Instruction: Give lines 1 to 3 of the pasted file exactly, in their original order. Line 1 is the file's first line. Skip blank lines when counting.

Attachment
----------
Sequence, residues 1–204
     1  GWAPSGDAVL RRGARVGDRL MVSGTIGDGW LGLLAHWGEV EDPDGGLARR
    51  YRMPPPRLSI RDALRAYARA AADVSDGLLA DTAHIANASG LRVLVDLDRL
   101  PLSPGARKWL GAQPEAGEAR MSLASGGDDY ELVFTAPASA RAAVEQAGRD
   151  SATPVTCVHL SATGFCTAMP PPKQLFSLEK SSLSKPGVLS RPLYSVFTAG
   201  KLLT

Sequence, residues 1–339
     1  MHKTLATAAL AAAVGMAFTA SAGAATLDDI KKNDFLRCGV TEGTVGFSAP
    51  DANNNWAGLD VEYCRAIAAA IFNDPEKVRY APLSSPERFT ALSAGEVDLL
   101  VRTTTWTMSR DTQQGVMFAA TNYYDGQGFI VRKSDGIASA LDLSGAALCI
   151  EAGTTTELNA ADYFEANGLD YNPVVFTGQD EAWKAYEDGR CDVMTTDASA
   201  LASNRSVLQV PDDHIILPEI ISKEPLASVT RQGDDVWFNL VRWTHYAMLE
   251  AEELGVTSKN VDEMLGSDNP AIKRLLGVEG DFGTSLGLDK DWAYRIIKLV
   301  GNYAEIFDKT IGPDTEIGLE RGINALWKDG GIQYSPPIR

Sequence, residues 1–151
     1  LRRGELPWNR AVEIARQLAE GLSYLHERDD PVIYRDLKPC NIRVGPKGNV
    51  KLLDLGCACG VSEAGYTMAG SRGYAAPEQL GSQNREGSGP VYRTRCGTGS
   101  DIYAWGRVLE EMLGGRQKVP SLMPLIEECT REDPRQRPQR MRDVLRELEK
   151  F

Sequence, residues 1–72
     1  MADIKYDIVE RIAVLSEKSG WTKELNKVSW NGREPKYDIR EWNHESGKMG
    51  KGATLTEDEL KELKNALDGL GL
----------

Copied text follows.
Sequence, residues 1–204
     1  GWAPSGDAVL RRGARVGDRL MVSGTIGDGW LGLLAHWGEV EDPDGGLARR
    51  YRMPPPRLSI RDALRAYARA AADVSDGLLA DTAHIANASG LRVLVDLDRL